“Washington is broken.” Hardly a political battle goes on in D.C. during which we do not hear or read this appraisal. And if the city in general is broken, we are told, then in no place is the break deeper or more evident than the United States Congress. In fact, one well-known book about Congress is cleverly titled “The Broken Branch.” From the debacle in replacing the Affordable Care Act to the persistence of budget showdowns, Congress appears to struggle in nearly all that it does, which itself seems to be very little.
In assessing Congress, we should begin with defining its purpose, the job it is accused of failing to accomplish. The Constitution, in the article creating this branch, declares that “All legislative powers herein granted shall be vested in a Congress of the United States.” Congress’ job resides in the making of laws.
To legislate well, the Constitution’s Framers emphasized one quality in Congress above all others: deliberation. “Federalist 70,” in comparing Congress to the presidency, described the former “as best adapted to deliberation.” By the act of deliberation, the Framers believed that Congress would pass better legislation — laws more refined, more precise, more adapted to the problems lawmakers sought to address.
Therefore, Congress’ mode of operation should be conducive towards a healthy deliberation that results in good legislation. In some ways, Congress’ constitutional structure forces this kind of deliberation, regardless of other factors. By splitting Congress into two chambers, for instance, the Constitution forces those two bodies to discuss and debate with each other. The differences between the two bodies — particularly in terms of office — give different perspectives that all can contribute to healthy discussion. And distinctions between states and districts provide an additional means to give disparate perspectives that can enhance deliberation and improve legislation.
Yet the Constitution leaves much about how Congress goes about writing and passing legislation to that body. Where it possesses this freedom, Congress too often has harmed its own ability to do its job well. While not an exhaustive list, I suggest three changes, all within Congress’ constitutional power, that could improve its own legislative performance.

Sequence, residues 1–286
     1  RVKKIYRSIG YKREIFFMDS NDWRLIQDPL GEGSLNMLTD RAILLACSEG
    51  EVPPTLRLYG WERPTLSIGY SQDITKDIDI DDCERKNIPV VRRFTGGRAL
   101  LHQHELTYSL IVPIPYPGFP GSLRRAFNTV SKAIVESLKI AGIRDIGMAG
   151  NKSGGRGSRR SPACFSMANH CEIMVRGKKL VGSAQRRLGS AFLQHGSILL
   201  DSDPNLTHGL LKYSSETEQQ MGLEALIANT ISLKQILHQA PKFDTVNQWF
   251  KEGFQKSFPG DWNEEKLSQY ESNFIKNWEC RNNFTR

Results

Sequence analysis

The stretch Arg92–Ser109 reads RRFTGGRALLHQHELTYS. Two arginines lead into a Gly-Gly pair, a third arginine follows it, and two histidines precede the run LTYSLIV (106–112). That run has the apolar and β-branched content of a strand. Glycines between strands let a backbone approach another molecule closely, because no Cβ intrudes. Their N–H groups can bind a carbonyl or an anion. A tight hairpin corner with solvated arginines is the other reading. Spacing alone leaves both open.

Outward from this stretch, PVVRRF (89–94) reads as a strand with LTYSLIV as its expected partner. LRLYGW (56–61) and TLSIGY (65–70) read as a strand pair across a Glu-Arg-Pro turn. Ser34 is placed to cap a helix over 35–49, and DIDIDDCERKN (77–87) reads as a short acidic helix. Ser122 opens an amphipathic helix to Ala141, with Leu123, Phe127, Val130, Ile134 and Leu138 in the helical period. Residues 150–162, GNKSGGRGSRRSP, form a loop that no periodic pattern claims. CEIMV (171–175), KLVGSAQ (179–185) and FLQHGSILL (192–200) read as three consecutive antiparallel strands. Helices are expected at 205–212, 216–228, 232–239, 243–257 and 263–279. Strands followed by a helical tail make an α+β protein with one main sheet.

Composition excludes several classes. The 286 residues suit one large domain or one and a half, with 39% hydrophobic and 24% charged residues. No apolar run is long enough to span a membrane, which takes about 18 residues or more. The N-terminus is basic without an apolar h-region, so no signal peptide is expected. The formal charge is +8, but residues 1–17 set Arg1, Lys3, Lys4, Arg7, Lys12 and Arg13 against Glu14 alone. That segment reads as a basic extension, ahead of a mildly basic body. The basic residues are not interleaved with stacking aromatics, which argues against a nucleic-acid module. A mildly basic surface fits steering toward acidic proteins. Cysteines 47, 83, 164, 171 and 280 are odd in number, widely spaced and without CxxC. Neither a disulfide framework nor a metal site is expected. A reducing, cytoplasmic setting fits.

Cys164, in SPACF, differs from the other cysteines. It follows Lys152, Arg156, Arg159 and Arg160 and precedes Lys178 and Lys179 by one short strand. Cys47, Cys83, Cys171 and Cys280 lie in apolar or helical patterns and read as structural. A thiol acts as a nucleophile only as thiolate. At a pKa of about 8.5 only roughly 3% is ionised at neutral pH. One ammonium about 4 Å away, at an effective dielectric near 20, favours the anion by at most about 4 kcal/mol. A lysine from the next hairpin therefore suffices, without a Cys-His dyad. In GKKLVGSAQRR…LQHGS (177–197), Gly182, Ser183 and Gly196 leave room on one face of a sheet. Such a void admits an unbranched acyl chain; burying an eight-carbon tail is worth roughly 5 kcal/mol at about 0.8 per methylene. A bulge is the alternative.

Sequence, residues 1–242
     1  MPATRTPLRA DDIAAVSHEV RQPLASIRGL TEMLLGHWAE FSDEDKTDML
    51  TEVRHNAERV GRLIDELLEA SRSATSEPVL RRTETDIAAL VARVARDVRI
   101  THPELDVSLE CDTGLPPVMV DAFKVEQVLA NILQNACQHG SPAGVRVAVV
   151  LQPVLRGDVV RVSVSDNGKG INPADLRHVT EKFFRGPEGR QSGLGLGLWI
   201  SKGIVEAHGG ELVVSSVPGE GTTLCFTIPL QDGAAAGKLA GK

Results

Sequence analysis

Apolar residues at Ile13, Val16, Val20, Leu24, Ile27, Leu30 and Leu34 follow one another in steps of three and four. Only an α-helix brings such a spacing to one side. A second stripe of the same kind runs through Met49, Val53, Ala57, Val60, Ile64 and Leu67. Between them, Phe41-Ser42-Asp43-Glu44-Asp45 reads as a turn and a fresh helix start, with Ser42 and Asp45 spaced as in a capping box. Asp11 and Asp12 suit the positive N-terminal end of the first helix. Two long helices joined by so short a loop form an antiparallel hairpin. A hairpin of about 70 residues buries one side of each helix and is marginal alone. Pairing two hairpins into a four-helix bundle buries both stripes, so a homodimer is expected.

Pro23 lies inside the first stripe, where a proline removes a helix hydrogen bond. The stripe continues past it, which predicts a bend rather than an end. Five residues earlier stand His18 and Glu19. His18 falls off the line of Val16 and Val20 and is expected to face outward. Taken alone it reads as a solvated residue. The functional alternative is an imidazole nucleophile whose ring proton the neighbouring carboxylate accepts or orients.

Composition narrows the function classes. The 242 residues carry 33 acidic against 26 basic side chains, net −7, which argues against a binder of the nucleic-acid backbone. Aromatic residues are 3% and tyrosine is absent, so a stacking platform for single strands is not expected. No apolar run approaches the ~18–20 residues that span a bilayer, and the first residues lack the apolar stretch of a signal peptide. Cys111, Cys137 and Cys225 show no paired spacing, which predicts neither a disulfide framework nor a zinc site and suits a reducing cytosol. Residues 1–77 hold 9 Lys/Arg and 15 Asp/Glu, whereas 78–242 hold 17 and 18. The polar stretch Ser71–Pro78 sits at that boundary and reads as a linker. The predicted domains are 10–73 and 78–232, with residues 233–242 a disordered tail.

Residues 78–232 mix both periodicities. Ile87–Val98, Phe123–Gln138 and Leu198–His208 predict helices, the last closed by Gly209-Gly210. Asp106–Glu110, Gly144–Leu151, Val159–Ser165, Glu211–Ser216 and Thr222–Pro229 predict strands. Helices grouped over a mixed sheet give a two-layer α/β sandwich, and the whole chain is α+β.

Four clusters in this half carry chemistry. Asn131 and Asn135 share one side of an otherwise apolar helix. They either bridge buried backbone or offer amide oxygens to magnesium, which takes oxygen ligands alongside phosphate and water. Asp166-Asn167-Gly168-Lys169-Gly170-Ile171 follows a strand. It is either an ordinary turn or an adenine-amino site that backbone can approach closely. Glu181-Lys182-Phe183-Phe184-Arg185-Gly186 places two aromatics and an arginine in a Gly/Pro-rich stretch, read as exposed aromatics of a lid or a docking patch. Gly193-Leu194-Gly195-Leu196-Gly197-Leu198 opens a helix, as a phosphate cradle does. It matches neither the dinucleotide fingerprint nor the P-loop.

First: End omnibus spending bills.
Well-written legislation has an internal coherence. It focuses on an issue or a closely related set of concerns and seeks to address them in a cohesive fashion. Doing so results from good deliberation in a bill’s writing. It also results in good deliberation in its passage, giving a clear, understandable text which Congress can debate, then pass or reject.
But for too long, Congress has ignored this rule of legislation in its spending bills. Instead, it has passed omnibus packages that combine numerous, unrelated matters into one piece of legislation. The very reverse of good legislation, these bills show a lack of deliberation in their composition and cripple deliberation in their consideration.
Second: Strengthen committees in the legislative process.
Over its history, Congress has established committees focused on particular areas of government responsibility, from taxes to the environment to the military. These committees aid deliberation in two ways. First, they allow congressmen to develop knowledge in a particular area. Second, they allow these members to use that specialized knowledge to refine bills before they go to a full vote on the floor.
Yet most important pieces of legislation never make it to a committee. Now, too often, they are written by party leadership in Congress and either rubber stamped in committee or rushed to the full floor. Republicans complained about problems along these lines when Democrats held the majority. They have acted in much the same manner upon assuming control themselves. Regardless of party, such proceedings negate important means to deliberation.
Third: Reform or end the filibuster.
The previous suggestions pertain to enhancing deliberation. This reform concerns enhancing the process of passing legislation by not facilitating stagnation. The filibuster stems historically from attempts in the Senate to keep the majority from shutting down the minority’s voice. It allowed space for deliberation by forcing both sides to hear each other’s arguments. However, the vast majority of the time, the filibuster no longer operates for this purpose. Instead, it mostly serves the purpose of heightening the threshold for passing legislation from a simple majority of 51 to a supermajority of 60. Doing so is an abuse, changing majority rule into a de facto minority veto.
To stop this abuse, the Senate could eliminate the filibuster entirely. It is not a constitutional requirement. In fact, the Senate did eliminate the filibuster for Supreme Court nominees during the confirmation of Justice Neil Gorsuch. Another route would be to return the filibuster to its procedural roots.
Filibusters used to shut down the entire business of the Senate, not just voting on an individual bill. Since the 1970s, however, the Senate can proceed with other legislation while a particular bill is filibustered. Though the change was originally intended to facilitate more action in the Senate, it has made filibustering too easy. A return to a higher-stakes filibuster might make it more politically dangerous and thus less routine. Either way, greater ease in passing legislation is sorely needed.
Changes along these lines will not be easy. They will challenge Congress to work in ways it has not for a long time — to actually practice the art of legislating. But, taken together, these reforms might help to restore some needed power to the legislative branch. Through them, the “Broken Branch” may begin the process of self-repair.
Adam Carrington is an assistant professor of politics at Hillsdale College.